I noticed that the feeling of cognitive immobility is strongest when I was stressed or worried about something. I wouldn’t be surprised. I have just uprooted my entire life and planted it somewhere else. I acknowledged that feelings of fear, anxiety, and being overwhelmed is part of the adjustment period. I suggest doing what you can to ease some of it. Make a checklist of what to do and create a calendar. I find myself more relaxed when I know that I have a plan. You might have different strategies to cope with stress. Pick the healthy ones and do it.
- Don’t be afraid of help - ask questions if you are unsure about something.
Go to a student representative in your educational institution, an information desk in your local mall, or call the hotlines listed in relevant websites to ask about your concerns. Asking for help, although a bit painful sometimes, is also a huge part of being a migrant. The sooner you learn this skill, the faster you will be able to figure out how things are run locally and the faster you will be able to settle into your new environment.
- Make local connections - grow where you are planted and make new roots.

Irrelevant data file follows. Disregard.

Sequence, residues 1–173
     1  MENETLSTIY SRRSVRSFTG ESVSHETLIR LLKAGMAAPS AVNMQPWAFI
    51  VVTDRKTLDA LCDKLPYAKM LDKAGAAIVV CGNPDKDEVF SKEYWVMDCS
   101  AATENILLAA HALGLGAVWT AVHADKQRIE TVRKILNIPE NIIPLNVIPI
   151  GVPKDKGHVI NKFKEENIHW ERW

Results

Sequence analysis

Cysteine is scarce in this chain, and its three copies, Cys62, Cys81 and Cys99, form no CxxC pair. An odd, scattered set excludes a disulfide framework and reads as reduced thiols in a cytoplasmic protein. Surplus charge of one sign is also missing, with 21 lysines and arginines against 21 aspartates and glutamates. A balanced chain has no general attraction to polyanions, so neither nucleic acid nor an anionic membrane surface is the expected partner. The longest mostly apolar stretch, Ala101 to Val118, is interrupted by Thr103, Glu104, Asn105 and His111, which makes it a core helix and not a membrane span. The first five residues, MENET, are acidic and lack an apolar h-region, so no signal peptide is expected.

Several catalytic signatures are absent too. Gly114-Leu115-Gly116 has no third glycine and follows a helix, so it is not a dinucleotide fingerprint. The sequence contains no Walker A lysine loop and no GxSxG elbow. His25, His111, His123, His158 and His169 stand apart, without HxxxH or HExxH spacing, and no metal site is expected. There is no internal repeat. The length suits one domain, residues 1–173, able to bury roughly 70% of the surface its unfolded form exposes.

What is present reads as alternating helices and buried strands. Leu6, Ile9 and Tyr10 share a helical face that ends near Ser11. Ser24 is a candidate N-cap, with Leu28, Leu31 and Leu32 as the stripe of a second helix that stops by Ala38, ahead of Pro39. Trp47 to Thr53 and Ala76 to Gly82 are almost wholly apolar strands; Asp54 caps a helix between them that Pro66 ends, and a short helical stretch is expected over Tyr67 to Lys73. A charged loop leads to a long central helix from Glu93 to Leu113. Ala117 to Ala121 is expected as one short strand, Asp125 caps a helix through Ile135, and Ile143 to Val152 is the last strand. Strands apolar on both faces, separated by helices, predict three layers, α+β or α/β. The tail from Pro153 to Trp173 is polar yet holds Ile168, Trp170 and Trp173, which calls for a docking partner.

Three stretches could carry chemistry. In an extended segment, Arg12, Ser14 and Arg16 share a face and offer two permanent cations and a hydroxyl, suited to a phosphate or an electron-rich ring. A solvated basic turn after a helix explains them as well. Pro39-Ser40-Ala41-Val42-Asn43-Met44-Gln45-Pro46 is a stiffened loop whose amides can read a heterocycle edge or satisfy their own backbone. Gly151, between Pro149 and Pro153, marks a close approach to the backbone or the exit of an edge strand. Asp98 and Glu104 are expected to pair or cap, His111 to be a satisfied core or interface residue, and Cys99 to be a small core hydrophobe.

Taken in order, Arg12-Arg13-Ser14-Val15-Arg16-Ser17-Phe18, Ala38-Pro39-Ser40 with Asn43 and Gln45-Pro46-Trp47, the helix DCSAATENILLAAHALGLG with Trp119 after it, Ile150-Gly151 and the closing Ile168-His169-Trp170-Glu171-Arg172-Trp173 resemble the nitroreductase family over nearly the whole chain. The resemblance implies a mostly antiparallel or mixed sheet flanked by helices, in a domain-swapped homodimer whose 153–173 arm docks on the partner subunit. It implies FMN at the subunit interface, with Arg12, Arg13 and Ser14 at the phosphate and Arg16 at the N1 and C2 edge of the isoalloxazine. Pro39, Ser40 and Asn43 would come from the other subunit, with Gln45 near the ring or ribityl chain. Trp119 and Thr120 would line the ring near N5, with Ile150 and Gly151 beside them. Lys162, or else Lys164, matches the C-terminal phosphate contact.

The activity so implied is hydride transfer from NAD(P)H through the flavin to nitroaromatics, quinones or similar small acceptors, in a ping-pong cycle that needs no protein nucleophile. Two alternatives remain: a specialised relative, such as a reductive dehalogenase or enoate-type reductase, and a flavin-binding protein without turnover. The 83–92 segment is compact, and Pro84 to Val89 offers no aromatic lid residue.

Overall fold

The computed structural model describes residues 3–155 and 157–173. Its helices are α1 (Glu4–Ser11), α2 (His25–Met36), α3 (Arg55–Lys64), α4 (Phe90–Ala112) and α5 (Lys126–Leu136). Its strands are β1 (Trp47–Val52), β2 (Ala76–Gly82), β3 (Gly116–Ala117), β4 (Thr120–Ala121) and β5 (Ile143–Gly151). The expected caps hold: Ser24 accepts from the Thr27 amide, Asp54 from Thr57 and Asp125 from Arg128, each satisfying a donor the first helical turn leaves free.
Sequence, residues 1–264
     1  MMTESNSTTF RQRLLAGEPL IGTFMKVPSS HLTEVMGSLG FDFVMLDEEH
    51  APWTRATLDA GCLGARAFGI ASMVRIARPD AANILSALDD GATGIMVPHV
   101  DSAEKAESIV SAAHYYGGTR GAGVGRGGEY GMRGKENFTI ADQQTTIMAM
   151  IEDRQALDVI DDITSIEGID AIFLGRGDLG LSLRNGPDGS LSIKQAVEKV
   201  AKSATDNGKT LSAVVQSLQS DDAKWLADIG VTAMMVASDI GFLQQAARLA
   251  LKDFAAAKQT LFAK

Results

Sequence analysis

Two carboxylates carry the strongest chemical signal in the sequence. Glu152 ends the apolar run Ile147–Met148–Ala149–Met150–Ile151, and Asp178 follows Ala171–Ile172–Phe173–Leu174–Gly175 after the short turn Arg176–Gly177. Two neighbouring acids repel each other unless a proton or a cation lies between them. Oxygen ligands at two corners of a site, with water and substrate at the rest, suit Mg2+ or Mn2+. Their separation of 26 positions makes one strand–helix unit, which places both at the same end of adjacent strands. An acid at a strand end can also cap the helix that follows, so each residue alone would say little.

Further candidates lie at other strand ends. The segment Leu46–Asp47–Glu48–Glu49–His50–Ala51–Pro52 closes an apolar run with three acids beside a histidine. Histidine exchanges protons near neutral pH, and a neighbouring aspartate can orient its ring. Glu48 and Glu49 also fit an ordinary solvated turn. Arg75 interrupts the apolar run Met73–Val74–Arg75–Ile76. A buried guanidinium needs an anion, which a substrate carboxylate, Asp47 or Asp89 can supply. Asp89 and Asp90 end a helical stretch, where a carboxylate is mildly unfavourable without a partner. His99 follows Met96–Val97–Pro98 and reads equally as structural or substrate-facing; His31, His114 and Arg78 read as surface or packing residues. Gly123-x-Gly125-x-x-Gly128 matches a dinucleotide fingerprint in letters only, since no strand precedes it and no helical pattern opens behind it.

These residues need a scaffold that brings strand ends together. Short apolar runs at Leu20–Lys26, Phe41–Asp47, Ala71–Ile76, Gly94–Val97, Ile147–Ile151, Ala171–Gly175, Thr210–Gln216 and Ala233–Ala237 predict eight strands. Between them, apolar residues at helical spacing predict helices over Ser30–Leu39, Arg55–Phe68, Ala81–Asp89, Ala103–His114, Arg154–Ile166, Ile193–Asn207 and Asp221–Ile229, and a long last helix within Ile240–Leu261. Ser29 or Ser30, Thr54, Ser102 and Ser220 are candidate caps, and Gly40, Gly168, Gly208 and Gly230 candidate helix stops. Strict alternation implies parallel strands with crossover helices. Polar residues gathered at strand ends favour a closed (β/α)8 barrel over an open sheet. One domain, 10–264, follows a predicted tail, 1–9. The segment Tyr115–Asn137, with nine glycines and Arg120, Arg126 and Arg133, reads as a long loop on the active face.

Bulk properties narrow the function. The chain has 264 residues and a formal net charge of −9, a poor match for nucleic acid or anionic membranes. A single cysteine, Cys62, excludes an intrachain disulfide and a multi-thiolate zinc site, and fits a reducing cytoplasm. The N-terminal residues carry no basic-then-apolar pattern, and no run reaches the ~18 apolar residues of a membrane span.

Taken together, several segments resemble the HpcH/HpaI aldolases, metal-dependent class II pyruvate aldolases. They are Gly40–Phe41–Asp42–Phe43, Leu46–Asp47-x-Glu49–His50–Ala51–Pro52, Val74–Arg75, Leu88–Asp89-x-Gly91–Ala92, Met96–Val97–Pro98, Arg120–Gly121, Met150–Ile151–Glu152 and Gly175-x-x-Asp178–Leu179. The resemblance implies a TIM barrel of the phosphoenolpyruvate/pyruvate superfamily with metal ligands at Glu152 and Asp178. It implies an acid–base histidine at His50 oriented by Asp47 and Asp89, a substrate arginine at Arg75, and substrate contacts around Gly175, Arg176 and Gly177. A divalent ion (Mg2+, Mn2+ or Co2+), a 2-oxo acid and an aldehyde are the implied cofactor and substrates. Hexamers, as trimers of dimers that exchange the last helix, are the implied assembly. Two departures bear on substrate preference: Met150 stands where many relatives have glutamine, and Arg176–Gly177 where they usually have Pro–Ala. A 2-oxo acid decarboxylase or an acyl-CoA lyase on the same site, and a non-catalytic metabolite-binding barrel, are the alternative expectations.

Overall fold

In my experience, this is the trickiest but the most helpful step in my adjustment process. It was hard to find friends who are locals at my university because I have become so comfortable with my gang of international students. Be careful not to limit your interactions or you might miss out! I was able to find connections in my part time job and I have no regrets. I was able to learn the Aussie culture and finally I was able to understand the local lingo. Believe me, the locals love to teach you their language and culture. All you must do is ask! It also helps to find and join programs organised to foster these types of engagements, such as the Rotaract Club of Djilang.
Photo by //unsplash.com/es/@brookecagle
Leaving your home country is probably the bravest thing you will ever do in your life. If you have started your journey, pat yourself on the back and be proud. The list of things to do to settle in can be enormous and endless. But as all things in life, balancing the attention that you give to your physical, mental, emotional, and spiritual needs is key to your success as an international student. Sure, go get that grade. Go get that part time job to pay the bills. But don’t forget to pause, recognise, and deal with the cognitive and emotional processes of being new in town. Always remember that you are not alone in this journey and your seat mate during your orientation might be experiencing the same emotions as well. The loneliness will pass. You will make new friends and you will find a new home. Just don’t give up searching!
If you or a loved one needs help, please call Lifeline Australia on 131 114 or for translation services call TIS on 131 450 and ask to talk to Lifeline on 13 11 14 in the language required. You can also use these resources to find help for yourself, a friend, or a family member.
Header image by //unsplash.com/@jeshoots